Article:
Jan 15 2024
Poetry review – FALLING AND FLYING: Pat Edwards finds a new collection by Jeff Phelps to be a rewarding read
In the opening poem of his new collection Phelps takes us to the world of an eighteenth century showman whose stunt high up on a church spire ends his life at the age of just twenty eight. Like the ‘crowds who have come to goggle/as if his life was cheap’, we witness his daring and his downfall. In the next poem it is the showman’s wife who wraps ‘his shattered bones’, feels ‘flightless, wholly downed’ without him. She knows now that it just wasn’t worth losing him for ‘so few’ coins.
These two poems, stark and surprising, epitomise the title of the collection and dwell on the observation that life can be at one moment the adventure of flight, and the next the tragedy of falling. The poems explore these themes through a wide range of familiar tropes including the myth of Icarus, our obsession with air travel and how we marvel at the flight of birds.
Phelps is fascinated by our passage through time and he charts our journey by referencing ancient words, practices, and artefacts, noting how we can misinterpret them or only see them through a modern lens. In “An Avebury Stone”
each flint-axed face is a message nobody remembers how to read.
Perhaps the moon is the only truth, the only constant across the years: even one which was man-made and hung in a cathedral ‘was everything at once’. Phelps continues to show how mankind is bound to the past by giving us poems about the natural world: rivers, birds, trees, seasons. Each one considers the ephemeral against the permanence of the the natural environment. A kingfisher appears on the scene, just ‘a flick of blue between banks’. The rings of an old tree speak of events witnessed ‘HERE’: a tragedy, a summer, lovers, and the storm that eventually topples it. The poet not only conjures personal reminiscence but also offers a gentle warning that the planet is getting warmer and is ‘a world dazzled by power’.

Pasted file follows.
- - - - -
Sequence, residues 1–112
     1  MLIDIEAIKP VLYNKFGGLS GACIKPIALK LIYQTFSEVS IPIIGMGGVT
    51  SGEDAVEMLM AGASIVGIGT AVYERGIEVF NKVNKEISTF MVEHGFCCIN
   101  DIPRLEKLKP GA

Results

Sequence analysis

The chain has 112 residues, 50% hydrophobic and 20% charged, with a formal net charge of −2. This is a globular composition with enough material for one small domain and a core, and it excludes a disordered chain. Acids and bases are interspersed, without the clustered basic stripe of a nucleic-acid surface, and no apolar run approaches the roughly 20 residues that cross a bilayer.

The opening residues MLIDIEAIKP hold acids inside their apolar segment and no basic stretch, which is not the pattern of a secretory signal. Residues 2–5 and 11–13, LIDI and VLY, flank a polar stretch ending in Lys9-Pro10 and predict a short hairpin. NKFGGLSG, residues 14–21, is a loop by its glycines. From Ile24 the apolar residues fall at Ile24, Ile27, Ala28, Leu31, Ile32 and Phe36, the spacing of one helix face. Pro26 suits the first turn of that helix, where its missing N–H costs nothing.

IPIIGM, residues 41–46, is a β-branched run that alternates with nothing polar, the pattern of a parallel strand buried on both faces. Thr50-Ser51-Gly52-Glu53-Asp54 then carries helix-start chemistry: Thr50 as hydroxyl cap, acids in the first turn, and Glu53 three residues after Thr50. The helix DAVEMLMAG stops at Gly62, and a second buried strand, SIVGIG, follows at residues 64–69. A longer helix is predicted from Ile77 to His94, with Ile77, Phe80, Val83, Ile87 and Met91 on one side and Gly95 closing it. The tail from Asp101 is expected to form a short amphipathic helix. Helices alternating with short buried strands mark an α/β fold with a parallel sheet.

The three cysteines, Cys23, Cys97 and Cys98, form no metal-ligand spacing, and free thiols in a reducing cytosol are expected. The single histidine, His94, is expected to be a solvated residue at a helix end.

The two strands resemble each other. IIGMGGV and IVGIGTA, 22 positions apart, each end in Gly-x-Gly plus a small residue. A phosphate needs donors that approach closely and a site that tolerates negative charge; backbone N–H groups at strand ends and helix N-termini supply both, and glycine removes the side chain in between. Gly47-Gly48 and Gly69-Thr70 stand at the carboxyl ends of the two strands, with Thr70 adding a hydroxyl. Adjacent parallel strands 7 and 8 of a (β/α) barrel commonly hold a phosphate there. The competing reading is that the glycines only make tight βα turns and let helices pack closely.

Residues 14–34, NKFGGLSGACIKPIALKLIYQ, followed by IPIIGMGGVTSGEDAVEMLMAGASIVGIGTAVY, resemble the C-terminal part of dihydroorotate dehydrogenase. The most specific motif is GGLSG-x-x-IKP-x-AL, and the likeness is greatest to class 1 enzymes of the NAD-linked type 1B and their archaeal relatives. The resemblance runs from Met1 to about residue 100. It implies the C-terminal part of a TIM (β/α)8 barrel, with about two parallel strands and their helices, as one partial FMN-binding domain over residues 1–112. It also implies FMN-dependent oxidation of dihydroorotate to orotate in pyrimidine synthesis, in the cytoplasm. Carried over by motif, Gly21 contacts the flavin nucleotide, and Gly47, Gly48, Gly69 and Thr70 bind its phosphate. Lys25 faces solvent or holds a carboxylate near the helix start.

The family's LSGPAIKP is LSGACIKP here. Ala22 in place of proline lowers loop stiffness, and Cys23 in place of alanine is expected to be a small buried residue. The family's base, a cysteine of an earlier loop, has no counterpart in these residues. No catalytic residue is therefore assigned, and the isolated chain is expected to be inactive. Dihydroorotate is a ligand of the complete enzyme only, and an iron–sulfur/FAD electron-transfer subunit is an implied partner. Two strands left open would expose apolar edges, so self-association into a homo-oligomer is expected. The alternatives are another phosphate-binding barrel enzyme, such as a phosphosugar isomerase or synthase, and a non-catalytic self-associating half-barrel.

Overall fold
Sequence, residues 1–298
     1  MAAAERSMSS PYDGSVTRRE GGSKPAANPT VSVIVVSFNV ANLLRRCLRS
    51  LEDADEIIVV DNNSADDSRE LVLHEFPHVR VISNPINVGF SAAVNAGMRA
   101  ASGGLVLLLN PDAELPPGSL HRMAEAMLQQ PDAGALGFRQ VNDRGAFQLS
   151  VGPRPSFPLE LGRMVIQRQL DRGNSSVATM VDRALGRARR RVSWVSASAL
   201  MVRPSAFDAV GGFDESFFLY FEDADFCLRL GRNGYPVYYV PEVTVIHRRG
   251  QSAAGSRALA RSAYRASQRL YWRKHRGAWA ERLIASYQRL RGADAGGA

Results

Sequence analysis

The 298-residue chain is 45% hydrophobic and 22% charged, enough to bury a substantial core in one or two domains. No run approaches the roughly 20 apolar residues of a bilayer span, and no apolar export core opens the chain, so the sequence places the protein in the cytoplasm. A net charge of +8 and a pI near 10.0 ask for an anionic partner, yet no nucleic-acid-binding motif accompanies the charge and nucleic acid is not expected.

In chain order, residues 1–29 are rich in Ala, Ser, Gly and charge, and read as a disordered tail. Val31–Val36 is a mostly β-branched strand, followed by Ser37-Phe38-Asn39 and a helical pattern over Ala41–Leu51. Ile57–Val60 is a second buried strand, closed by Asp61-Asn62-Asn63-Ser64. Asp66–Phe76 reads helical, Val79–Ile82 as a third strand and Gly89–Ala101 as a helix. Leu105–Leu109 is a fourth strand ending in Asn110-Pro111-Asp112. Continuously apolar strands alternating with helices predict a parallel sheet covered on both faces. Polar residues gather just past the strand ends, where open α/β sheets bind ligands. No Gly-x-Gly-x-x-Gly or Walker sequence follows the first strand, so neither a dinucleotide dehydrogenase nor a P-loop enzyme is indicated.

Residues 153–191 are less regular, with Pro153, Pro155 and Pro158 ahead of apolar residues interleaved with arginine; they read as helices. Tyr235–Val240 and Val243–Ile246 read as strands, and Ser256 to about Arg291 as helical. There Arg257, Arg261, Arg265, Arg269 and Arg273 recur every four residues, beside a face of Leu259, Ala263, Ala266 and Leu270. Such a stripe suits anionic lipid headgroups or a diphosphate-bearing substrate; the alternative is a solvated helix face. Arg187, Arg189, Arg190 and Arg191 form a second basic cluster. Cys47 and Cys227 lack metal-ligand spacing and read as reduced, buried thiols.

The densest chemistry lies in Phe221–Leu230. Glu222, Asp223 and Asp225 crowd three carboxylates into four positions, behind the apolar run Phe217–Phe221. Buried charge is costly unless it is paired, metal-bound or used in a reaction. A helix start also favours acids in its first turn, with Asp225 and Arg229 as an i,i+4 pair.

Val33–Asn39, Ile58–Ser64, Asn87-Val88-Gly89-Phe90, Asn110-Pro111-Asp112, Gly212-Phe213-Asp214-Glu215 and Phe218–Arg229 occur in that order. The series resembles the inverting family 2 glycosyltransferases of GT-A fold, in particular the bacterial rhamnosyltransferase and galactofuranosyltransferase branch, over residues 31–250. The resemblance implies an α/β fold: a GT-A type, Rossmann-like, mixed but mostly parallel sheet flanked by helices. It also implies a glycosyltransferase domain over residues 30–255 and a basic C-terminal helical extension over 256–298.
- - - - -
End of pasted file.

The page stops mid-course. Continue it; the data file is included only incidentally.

Buildings and churches interest our poet, all holding echoes of those who built them, worshipped in them, worked and laboured in poor or dangerous conditions, ‘stones remembering us slowly’.
Phelps uses both free verse and form to suit his subject matter. “Washing Line” is a lovely little sonnet in praise of the enduring simplicity of the clothes line. I love his use of the phrase ‘come to terms with’ in the opening line, as if the poet accepts the domestic, the mundane about this laundry device ‘where clothes/soak up weather then fly out in the wind like spinnakers, helming the garden into the day’. This sonnet acts as a bridge into a section of more personal poems about childhood, growing up and parenthood. Each is rich with rather gorgeous imagery: making ‘a staircase’ from books; living in ‘the still-falling dust of the second war’; Dylan Thomas pencilling ‘himself in margins/of a beer-marked chicken-boned boathouse’; stories that we try ‘for size like hats plucked/from pegs’.
The final poems in the book form a sort of manifesto, a philosophy for life, as Phelps shows his humanity, his empathy, and tolerance. The poet suggests to us that being different, being a stranger, having political views, trying to express ourselves through poetry, are all just part of life’s rich fabric. I sense the poet winking at us, a twinkle in his eye,
Now I’m born again and almost lucid, yet the victory is hollow somehow. I used to be The Cowboy. God knows who I am now.
This collection is written with warmth and craft. It deserves both close reading and also reading in full in order to appreciate the careful ordering and flow. These are poems that are often informative, always thought-provoking and sometimes reflective. There are ideas and observations that stay with the reader long after they have finished reading. It’s impossible not to come away with lines that resonate and – something I personally find increasingly important – feeling trusted as a reader to get all the ‘feels’ for a poem without the need for over-complicated tricks and flummery.